As I reach the summit, the stars wrap themselves in indigo blankets, and a cosmic cocktail of pinks, blues, purples, greens, and a splash of grenadine pour into the sky. I look out, and all around me the landscape billows out until it spills into the sea. From the peak of Mount Agung, the highest point in Bali, I have a 360-degree view of everything. Over there, just beyond that forest, I watched men and women in all their red and golden finery dance for six hours in the pounding rain. There, somewhere among the rice fields, my teacher blessed a small child with incense, flowers, and holy water in the same stroke that he blessed the buffalo-skin journeymen of a midnight shadow play. And there, across the water, are the mountain peaks I have yet to reach.

The days hold innumerable mysteries, challenges, and discoveries, which simmer into a thick, savory curry. I swim through textured batik fabrics and fall in love with the same chocolates and indigos over and over again. The songs and invocations, the melodic ringing of the gamelan, the trills of geckos and the early morning cockerels reverberate through my head like fireballs flung at a kecak performance. The hardwood masks whose eyes move suddenly and unassuredly, the jeweled hands which mix invisible honey in the air, and the puppets made of mirrors whose reflections shine godlike and ghostly: these images are now seared into my consciousness.

The year has unfolded in a series of chapters. In Jogjakarta, I studied Bahasa Indonesia, the national language, while getting to know the city and its culture. I studied traditional batik painting and took Indonesian cooking classes with fellow Indonesia-based Luce Scholar and star friend Mohammad Zia. Since arriving in Bali, I have studied the tari topeng (masked dance), wayang kulit (shadow puppetry), and gender (an instrument in the traditional Indonesian gamelan orchestra) with three wonderful, highly-skilled artists—I Gusti Ngurah Windia, I Gusti Ngurah Artawan, and I Wayan Wija—who have also become my friends and family here. I have attended countless performances and ceremonies, and been endlessly moved, confused, and inspired. Next, I plan to learn how to carve masks and build puppets from scratch.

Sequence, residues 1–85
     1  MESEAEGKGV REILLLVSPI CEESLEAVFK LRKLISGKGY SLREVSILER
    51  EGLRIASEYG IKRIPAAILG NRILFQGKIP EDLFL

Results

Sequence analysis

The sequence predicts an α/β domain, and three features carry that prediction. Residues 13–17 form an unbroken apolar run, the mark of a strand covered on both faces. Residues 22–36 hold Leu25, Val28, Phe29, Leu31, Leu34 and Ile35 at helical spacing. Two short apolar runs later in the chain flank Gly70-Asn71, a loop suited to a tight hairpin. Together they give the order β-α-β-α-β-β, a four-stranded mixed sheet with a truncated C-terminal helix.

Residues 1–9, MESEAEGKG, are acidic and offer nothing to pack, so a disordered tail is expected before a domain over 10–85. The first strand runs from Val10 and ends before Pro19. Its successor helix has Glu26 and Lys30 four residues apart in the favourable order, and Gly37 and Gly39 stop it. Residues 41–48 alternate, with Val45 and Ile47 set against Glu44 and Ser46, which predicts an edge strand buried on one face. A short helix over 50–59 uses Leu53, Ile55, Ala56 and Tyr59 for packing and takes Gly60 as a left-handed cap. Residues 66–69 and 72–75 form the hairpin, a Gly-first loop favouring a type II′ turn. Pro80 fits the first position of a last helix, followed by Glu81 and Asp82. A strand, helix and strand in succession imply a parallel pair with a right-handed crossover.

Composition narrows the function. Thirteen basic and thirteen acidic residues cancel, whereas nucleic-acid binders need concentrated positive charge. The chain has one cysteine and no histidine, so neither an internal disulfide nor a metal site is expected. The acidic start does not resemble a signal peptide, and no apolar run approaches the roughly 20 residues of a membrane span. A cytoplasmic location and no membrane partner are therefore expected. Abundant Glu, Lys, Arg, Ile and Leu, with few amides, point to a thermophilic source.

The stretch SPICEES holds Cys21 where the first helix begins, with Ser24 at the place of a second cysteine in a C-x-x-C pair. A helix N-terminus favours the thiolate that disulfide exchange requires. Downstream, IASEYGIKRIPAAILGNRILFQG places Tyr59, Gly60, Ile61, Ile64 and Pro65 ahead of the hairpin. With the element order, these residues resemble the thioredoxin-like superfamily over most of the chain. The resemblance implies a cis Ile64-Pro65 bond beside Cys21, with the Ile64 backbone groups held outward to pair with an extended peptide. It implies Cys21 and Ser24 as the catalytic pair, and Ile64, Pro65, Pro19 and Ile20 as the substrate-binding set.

I’ve also had the good fortune of becoming involved with an international collaboration in contemporary theatre between Bumi Purnati Indonesia, a pan-Indonesian arts organization, and the world-renowned Suzuki Company of Toga, Japan. The project is a version of the story of Dionysus, adapted and directed by Tadashi Suzuki, whose practical and philosophical writings on theatre have been very inspiring to me. Through my involvement, I have been able to gain a more intimate understanding of Suzuki’s rigorous and comprehensive process. I hope to continue working on the project in Japan this April.

My time in Indonesia has brought a host of unexpected wonders. Half-naked dancers caked in the muddy riverbanks of the Jakartan forest. Blue fire flickering from within the smoke at Ijen Crater. Ice sculptures in tropical weather. Temples that defy the rules of time and space. Bulls that emerge from the worn pages of a mythological manuscript. Motorcycle rides through rice fields and blackened fish between my fingers. Dirt and sand and water and coffee. And, of course, art. Art that is so deeply woven into the fabric of life that it seems as necessary and life-sustaining as food and water.

Looking forward, I plan to devise and direct a large-scale theatrical project as the culmination of my artist residencies at Rumah Sanur Creative Hub and the Bali Purnati Center for the Arts, drawing inspiration from all the sounds, sights, and flavors of my time in Indonesia. I will likely work from folkloric or mythological sources in the gorgeous outdoor amphitheater at Bali Purnati, collaborating with Indonesian actors and designers. I will draw lessons from traditional forms to produce a new, contemporary work. We may play with fire, masks, puppets, dance. We may get our hands muddied along the way. Of course, we can imagine all we like, but we won’t know what the full view looks like until we’ve reached the peak.